Meet the Roanoke Swimmers Who Stood up to Their College, the NCAA

By Ashley McClure

Last month, the Roanoke College women’s swim team made history when they became the first team to collectively stand up for the integrity of female-only athletics. 

In a press conference on Oct. 5, several members of the women’s team called on the NCAA to address the growing number of male athletes who identify as transgender participating in women’s sports. Just two days earlier, Roanoke College’s Board of Trustees had voted to adopt the NCAA’s transgender athlete policy, ignoring pleas from their own athletes. 

The female swimmers at Roanoke started off this school year with the unwelcome news that a male athlete, who formerly swam for Roanoke College’s men’s team, had taken a year off to “transition” and was now planning to join the women’s team. 

According to members of the women’s team, the male swimmer was added to the women’s team group chat, attended women’s team meetings, and wore a women’s swimsuit to practice, giving them every reason to believe that his official membership on the women’s team was imminent. Although their coach drew the line at allowing the male athlete to use the women’s locker room, the male athlete’s presence at practice and meetings was extraordinarily stressful for the women involved. 

Members of the women’s team said that Roanoke College’s lack of clear communication about the male athlete’s competition status failed both him and the women, which led to the male athlete ultimately withdrawing his request to join the women’s team. Now, women’s team co-captains Bailey Gallagher, Lily Mullens, and Kate Pearson are sharing more about their situation and calling out the NCAA—as well as their own college—to protect the integrity of the sport they love. 

Meet Bailey Gallagher, senior women’s team captain at Roanoke College, who – along with her co-captains Mullens and Pearson – inspired her teammates to stand up to the NCAA and college administrators.

When Gallagher first caught wind of a male athlete’s plan to join the women’s team, she wasn’t sure how the other girls would feel. 

“One day, one of the other swimmers mentioned that she was stressed out about it, and I was so relieved that I wasn’t the only one,” Gallagher said.

As the eldest captain, Gallagher’s teammates relied on her to learn more about the situation, and how it would affect their season. However, Gallagher said she felt “so lost” when she sought meaningful information from the school, which made her feel like an annoyance for even inquiring.

“It was very stressful and frustrating that we weren’t able to be in the loop, especially when we asked so many times,” Gallagher said. “I thought about quitting my final year here just because of this situation.”

To Gallagher, what mattered most was finishing out the season as strong as possible and leaving her team in a good position for the future. Instead, she spent much of her senior year working with her co-captains fighting against Roanoke and the NCAA forcing them to compete with a man.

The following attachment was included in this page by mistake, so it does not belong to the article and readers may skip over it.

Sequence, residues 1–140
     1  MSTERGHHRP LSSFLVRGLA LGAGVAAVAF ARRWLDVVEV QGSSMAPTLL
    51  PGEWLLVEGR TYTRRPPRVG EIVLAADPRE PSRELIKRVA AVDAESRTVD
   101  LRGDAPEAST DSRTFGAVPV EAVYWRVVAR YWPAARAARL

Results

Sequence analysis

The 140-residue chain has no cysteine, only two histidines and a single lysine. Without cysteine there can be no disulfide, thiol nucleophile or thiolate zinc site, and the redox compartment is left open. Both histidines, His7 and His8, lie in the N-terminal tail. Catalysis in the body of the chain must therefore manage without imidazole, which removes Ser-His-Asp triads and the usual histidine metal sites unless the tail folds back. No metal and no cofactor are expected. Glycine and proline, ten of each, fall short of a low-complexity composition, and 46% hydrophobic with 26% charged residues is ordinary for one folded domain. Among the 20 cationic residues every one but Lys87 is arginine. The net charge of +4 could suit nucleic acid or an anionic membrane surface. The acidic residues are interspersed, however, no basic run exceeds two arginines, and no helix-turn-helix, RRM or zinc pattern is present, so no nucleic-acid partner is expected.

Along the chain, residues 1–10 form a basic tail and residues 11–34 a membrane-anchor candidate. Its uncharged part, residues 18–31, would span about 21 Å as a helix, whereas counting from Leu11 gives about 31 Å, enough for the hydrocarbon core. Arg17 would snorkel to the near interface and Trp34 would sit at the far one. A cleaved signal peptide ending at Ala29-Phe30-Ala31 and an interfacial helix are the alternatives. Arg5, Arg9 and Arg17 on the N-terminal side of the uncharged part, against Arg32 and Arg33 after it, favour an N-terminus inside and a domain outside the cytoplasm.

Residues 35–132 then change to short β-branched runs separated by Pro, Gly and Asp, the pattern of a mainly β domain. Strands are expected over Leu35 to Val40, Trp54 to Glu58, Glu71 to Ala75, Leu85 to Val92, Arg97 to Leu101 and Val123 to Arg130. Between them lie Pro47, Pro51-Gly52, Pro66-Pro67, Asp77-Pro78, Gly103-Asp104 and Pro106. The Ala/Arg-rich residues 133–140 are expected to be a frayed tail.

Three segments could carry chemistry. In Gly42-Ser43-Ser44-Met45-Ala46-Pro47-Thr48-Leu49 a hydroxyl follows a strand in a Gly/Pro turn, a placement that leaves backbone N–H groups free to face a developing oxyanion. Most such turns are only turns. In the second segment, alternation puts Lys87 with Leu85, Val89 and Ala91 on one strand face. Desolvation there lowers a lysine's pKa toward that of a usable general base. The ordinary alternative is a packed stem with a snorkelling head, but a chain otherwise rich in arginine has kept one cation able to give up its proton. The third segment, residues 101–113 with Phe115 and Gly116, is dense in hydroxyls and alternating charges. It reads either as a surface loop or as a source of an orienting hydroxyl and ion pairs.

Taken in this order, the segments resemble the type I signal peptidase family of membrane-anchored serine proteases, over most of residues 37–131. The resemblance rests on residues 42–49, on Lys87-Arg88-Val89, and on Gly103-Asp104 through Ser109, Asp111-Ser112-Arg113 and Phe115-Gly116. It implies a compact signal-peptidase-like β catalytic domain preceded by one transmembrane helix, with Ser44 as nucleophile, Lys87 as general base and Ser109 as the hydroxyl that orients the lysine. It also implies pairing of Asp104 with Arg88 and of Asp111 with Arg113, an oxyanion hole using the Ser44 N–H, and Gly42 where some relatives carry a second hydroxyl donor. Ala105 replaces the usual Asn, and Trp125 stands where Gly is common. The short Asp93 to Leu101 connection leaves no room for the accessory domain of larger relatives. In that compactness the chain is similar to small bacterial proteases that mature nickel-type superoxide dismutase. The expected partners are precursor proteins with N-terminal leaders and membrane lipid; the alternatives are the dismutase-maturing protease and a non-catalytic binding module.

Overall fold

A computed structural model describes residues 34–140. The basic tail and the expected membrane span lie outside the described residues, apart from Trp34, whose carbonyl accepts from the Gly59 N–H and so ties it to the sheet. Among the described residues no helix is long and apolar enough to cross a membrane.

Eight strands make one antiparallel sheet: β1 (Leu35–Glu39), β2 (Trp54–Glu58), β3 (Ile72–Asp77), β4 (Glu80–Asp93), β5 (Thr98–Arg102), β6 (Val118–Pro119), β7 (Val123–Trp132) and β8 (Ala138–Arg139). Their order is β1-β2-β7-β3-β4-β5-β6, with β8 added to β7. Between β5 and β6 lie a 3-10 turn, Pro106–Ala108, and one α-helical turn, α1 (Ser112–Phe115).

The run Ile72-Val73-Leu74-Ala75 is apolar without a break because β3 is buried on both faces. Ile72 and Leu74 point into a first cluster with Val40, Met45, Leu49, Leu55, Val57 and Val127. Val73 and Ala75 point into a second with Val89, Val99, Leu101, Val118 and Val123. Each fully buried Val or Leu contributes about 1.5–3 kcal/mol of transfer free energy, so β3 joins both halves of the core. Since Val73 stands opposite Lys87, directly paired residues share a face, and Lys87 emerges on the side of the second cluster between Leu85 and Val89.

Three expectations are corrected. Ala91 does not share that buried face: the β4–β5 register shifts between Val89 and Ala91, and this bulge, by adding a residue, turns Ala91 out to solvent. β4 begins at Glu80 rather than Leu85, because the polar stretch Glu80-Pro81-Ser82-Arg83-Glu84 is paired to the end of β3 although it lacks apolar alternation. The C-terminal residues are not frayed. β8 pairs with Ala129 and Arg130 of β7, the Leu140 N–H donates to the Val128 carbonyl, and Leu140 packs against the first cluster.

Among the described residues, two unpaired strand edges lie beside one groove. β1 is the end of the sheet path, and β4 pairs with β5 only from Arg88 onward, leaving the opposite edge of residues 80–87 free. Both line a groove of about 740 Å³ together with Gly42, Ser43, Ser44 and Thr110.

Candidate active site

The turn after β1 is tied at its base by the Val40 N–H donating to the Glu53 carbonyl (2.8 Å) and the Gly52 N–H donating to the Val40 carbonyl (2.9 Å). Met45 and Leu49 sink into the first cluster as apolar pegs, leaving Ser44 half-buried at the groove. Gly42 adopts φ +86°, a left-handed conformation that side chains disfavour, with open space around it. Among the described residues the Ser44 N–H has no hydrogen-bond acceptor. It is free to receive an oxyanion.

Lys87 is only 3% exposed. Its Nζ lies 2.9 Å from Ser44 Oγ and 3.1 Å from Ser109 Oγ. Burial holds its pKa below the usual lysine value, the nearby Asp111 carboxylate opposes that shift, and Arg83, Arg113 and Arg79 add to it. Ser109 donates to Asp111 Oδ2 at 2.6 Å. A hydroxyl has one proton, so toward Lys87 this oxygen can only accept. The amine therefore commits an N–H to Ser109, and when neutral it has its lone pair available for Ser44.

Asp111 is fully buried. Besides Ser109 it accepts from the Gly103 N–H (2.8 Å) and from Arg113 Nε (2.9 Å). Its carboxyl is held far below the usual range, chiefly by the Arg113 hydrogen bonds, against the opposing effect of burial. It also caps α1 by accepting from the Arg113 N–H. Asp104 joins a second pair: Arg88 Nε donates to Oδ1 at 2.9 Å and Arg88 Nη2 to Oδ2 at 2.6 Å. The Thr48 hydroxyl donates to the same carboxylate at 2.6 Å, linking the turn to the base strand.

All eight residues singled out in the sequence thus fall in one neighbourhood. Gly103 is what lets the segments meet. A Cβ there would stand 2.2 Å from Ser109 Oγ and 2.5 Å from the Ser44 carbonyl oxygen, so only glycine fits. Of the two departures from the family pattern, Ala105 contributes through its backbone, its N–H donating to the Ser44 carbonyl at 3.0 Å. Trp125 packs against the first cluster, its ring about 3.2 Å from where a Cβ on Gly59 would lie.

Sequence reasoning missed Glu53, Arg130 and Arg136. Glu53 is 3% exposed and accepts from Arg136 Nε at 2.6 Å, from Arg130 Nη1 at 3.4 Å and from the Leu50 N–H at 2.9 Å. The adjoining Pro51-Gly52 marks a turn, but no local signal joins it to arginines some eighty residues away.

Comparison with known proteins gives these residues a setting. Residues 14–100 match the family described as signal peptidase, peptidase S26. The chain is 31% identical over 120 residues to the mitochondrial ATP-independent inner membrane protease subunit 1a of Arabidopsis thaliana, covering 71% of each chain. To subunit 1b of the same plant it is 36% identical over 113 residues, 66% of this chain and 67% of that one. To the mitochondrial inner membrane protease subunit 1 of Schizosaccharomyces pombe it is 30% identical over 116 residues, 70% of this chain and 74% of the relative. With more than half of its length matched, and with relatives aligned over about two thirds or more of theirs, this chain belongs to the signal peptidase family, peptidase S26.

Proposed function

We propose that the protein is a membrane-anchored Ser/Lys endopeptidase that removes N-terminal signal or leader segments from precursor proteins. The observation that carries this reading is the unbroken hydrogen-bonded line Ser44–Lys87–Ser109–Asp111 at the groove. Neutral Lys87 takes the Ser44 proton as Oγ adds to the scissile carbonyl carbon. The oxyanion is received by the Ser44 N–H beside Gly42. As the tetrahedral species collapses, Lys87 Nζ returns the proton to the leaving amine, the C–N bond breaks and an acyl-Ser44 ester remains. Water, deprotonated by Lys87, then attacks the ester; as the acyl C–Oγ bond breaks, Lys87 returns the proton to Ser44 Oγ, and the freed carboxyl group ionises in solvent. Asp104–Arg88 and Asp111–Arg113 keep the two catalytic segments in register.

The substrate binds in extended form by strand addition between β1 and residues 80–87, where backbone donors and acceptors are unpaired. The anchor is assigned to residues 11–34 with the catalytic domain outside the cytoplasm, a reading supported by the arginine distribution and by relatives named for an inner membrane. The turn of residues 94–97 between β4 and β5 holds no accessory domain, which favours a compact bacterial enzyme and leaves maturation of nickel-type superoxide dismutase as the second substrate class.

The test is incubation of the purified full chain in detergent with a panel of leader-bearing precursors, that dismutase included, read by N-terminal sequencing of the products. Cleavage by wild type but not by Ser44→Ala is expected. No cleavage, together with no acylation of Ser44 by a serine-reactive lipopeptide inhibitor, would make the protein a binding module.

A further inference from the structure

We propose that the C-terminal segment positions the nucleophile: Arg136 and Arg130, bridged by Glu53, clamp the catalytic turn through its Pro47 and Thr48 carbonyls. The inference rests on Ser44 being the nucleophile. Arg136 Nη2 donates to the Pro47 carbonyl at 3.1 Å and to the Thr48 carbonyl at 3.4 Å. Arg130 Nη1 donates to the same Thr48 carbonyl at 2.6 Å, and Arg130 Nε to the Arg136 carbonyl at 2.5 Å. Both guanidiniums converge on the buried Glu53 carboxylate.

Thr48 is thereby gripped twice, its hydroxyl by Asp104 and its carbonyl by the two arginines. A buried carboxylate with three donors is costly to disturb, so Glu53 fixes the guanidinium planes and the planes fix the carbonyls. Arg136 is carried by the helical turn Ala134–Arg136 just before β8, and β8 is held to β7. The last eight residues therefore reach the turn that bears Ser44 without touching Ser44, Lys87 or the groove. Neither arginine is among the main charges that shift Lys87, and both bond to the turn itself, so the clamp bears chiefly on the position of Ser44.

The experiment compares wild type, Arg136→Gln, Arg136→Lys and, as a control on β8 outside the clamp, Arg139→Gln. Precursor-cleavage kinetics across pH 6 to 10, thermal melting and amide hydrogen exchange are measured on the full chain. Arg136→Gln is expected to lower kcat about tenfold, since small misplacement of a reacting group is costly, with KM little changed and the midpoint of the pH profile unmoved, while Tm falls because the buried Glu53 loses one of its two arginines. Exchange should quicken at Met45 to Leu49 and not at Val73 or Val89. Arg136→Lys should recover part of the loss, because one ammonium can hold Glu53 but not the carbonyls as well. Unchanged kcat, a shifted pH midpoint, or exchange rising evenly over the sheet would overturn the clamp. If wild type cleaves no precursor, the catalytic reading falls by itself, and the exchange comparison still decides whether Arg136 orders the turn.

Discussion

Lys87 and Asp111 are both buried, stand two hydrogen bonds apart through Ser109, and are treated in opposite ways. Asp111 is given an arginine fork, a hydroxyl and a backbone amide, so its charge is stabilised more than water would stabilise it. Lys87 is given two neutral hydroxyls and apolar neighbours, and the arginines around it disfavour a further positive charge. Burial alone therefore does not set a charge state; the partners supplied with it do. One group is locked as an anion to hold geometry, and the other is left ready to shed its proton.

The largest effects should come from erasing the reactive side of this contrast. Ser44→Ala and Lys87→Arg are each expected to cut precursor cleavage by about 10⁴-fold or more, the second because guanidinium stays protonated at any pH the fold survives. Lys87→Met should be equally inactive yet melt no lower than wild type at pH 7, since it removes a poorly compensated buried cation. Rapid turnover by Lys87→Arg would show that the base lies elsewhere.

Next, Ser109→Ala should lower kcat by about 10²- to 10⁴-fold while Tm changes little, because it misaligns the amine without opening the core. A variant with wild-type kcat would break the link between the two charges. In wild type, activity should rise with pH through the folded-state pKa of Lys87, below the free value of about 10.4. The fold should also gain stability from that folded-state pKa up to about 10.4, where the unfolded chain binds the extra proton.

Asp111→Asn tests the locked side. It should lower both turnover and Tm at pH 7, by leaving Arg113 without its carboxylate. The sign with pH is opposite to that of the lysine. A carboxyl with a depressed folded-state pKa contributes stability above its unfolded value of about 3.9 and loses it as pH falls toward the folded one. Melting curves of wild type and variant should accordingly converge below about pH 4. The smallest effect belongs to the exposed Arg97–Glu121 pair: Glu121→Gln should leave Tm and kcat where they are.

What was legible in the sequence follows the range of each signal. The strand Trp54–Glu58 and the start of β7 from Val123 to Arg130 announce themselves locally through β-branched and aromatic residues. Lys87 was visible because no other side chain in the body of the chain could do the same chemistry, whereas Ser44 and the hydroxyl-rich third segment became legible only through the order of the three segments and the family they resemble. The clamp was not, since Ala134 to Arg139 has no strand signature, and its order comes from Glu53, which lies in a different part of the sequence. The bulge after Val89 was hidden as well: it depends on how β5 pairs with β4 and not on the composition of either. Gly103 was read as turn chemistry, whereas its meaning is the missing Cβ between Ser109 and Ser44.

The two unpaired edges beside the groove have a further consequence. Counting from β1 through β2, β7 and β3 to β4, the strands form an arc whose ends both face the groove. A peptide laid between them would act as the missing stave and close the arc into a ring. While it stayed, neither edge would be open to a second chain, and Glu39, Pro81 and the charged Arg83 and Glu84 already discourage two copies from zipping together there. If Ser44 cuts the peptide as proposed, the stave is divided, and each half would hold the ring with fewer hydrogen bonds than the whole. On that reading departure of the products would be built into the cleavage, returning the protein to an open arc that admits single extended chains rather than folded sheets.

The male swimmer specialized in different events from  Gallagher’s specialties, backstroke and individual medley, so she rarely saw him at practice. However, Gallagher said she couldn’t sit idly by as her teammates were forced to practice with a nearly six-foot man every day.

“He absolutely had an unfair advantage,” she said. “[He] was definitely way faster than us. Just diving off the block, he was already a body-length ahead of the next fastest female swimmer.”

After her team’s  viral press conference on Oct. 5, where they publicized the unfair and unsafe situation that Roanoke and the NCAA was putting them in, Gallagher said they were met with complete silence from the school’s athletic department. However, on the evening that the press conference was supposed to air on Fox News, Gallagher said that Roanoke’s president “coincidentally” sent out an email calling for inclusivity and attempting to downplay the seriousness of the situation. The email even claimed that the male athlete was never an official member of the women’s team, despite his presence at practice and team meetings all season. 

“It was incredibly frustrating that this was all sent out via email after we spoke up, since we spoke up because those things weren’t being communicated to us,” she said. 

Despite the challenges that she and her team have weathered this season, Gallagher is proud of her decision to speak out about protecting women’s sports.

“I don’t know if I could have done it alone,” Gallagher said, noting how encouraged she felt by her two co-captains. “But in my gut, I felt this was something that I needed to do.” 

Meet Lily Mullens, junior captain of the women’s swim team, who was inspired to speak her mind by none other than famed neurosurgeon and 2016 presidential candidate Ben Carson. She personally met Carson after he visited Roanoke College in September to deliver a talk entitled, “My American Dream.”

“He said, ‘most of the people in this country have common sense: what they lack is courage. You cannot be the land of the free if you’re not the home of the brave,’” Mullens recalled. “I was just overwhelmingly inspired to do something.” 

Carson’s words helped Mullens to overcome her fears about sharing her true feelings about being forced to swim with a male with her fellow swim captains Bailey Gallagher and Kate Pearson. 

Mullens said that because the issue of men in women’s sports is so politically fraught, she was initially afraid that the other girls would not agree with her female-only stance.

“We were sitting together in the locker room, and I just asked, ‘Do you guys agree with this?’ and they said ‘No,’” Mullens recalled. “I just thought, ‘Thank God.’”

Mullens looks back on that time, and all of the uncertainties she and her co-captains faced when a male athlete attempted to join their team, as particularly stressful.